Subaru, part of the Japanese Fuji Heavy Industries, is a relative newcomer to the World Rally Championship. Nevertheless its grip is firmly set on the FIA. The company managed to push the WRC class car regulations on Max Mosley (president of the FIA) and got hold of all major decision makers in the WRC. Subaru's marketing strategy is enormously focused on rallying. That fact constitutes an excellent basis to put in place the world's best rallying team using some of the best drivers, advanced technologies and cars today.
The Subaru Imprezas are prepared for competition at Prodrive's plant in England. Prodrive is an extremely professional and well managed team (lead by David Richards). Their drivers for the 1999/2000 seasons are:
Most WRC events are run on slippery surfaces so Prodrive's choice of drivers that perform best on this type of surface seems logical. But enough politics lets see what the car is like. There is no special history behind the Impreza. The car was chosen as a potential WRC champion mainly because it was smaller (lower inertia) than the Legacy, its predecessor. Subaru clearly wanted to be world champion so they put a lot of hard work into the Impreza, Prodrive took on from there to lead the car to the world title.
Launched in 1994 the Impreza was immediately available in a 4 wheel drive turbo charged version delivering 211Bhp (217Bhp for the 1999 European model). The car's main peculiarity is its engine. It's a 4 cylinder boxer, all aluminum construction mounted longitudinally at the front. Boxer engines have the advantage of lowering the center of gravity of the whole structure. In the Impreza's case things got quite complicated due to the fact that the engine is turbocharged. The intake tubes are on the upper part of the engine while the exhaust tubes are, partly, on the lower part. The turbo charger is mounted on the right side of the engine. Mounting the turbo this way is quite new and certainly one of the many achievements of Subaru in the Impreza. Since the exhaust tubes use significantly different lengths to reach the turbo charger it is relatively difficult to assure a constant charge of the compressor wheel. The biggest drawback of the Impreza boxer engine is the proximity of the inlet manifold to most heat sources in the engine bay. Additionally the intercooler is located above the engine, which is definitely not the best place to put it, hence the big central air vent on the bonnet. A similar choice, for the intercooler placement, in the Nissan Sunny GTi-R of old resulted in engineers calling it inter-warmer...Locating the intercooler this way results in relatively high intake air temperatures of around 50 °C and thus reduces the engine's efficiency. The racing version of the Impreza uses an intercooler which is relocated in the front bumper.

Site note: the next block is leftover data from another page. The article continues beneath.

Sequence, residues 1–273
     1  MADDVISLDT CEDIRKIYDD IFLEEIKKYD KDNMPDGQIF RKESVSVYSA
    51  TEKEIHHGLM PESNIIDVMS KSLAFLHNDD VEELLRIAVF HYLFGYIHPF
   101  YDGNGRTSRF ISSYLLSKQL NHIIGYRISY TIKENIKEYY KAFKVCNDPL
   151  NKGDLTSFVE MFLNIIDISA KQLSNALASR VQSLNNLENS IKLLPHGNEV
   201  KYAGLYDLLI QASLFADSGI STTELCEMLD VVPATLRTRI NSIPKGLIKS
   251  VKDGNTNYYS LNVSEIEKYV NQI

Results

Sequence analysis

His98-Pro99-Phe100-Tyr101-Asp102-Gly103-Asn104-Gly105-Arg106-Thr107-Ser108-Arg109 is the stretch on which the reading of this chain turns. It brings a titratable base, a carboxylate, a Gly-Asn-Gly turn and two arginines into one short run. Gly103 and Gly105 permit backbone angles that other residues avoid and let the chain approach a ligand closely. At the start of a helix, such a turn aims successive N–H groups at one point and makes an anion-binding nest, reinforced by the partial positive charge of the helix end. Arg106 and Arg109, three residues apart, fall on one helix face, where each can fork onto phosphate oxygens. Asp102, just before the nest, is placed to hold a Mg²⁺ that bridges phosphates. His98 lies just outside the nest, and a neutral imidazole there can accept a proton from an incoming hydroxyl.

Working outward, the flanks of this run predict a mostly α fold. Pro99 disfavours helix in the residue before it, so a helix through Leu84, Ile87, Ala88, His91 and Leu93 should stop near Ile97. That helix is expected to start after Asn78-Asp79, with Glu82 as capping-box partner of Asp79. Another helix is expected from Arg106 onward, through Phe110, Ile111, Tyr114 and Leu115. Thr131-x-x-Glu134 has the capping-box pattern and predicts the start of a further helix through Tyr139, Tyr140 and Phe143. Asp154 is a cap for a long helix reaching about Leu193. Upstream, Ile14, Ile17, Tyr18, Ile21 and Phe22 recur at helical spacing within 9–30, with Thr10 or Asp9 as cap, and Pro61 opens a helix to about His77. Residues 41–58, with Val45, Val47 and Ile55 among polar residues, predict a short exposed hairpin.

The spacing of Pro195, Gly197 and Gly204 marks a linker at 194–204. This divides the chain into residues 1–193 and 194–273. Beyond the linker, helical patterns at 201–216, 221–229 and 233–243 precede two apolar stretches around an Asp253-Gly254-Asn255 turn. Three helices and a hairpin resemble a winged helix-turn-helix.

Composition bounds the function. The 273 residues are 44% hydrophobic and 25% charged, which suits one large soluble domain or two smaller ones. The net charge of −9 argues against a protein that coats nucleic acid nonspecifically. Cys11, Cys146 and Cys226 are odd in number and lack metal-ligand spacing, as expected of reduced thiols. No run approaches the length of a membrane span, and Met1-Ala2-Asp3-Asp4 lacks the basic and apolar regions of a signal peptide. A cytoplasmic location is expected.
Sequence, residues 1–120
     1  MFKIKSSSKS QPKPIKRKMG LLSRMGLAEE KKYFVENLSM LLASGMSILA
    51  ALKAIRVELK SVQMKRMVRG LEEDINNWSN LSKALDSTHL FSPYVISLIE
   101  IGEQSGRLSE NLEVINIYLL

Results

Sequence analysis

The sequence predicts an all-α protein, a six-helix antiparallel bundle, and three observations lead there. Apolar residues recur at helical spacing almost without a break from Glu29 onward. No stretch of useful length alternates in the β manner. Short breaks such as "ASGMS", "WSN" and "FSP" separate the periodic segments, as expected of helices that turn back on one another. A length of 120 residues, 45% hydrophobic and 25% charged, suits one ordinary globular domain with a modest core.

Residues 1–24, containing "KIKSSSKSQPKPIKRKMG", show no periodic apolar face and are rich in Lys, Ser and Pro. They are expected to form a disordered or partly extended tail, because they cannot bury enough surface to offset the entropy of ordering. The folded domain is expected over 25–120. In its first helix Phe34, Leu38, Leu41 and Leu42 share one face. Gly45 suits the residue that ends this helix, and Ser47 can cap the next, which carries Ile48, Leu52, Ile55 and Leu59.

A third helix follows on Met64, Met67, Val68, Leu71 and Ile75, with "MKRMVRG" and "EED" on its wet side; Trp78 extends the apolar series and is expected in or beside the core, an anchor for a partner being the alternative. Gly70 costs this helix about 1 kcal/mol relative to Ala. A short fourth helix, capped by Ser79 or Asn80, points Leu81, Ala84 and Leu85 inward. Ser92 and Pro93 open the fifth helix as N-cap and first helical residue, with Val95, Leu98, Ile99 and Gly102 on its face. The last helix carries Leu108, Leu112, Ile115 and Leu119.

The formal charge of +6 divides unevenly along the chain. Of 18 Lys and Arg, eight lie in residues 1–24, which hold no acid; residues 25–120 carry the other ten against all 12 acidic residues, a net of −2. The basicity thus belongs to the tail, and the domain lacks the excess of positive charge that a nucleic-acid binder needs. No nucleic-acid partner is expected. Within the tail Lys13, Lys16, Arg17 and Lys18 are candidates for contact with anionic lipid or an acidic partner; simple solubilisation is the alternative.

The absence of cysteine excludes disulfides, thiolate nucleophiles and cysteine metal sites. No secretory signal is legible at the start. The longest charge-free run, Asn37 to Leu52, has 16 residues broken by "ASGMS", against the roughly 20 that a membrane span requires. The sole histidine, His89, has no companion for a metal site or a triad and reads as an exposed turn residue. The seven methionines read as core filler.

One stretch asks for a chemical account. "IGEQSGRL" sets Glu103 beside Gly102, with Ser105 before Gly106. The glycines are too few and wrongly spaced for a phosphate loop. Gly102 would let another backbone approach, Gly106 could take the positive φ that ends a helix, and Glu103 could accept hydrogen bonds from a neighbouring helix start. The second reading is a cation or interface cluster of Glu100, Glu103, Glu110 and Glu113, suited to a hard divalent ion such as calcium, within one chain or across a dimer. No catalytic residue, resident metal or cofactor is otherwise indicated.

The engine being mounted longitudinally, the gearbox and transmission are much easier to fit and service than they would have been in a transversally mounted engine configuration (like in the Lancia Integrale or the Toyota Celica GT4 and Corolla WRC for instance). Speaking of transmission nothing but classic things here in the street Impreza version. Free differential in the front axle (like most other 4WD turbocharged cars with the exception of the Mitsubishi Lancer Evolution V and VI), viscous coupler in the central epicyclical differential while a second viscous coupler is fitted in the rear differential. The street version of the Impreza has three major drawbacks: low performance tires, an imprecise, slow gearbox (dating 30 years back to the original Subaru design) and too much steering wheel travel from lock to lock. While the first is easy to correct (you'll have to fit 16" or 17" wheels and performance tires, note that since 1998 the Impreza turbo uses 16" wheels but is still fitted with low performance tires) the second and third ones are a pain in the back. Kits are available to shorten the gear-lever travel while mounting the whole lever structure on Teflon cushions (quick-shift). There are no kits to improve on the too low ratio steering however. These modifications done (plus a suspension and injection chip upgrade resulting in a total of 240Bhp or more, at the expense of overall reliability) the street Impreza is a very fast car. I'll state the English magazine CAR which tested the (modified) Impreza on track some years ago and declared: "If you can't drive this car fast you can't drive fast." I think that says it all.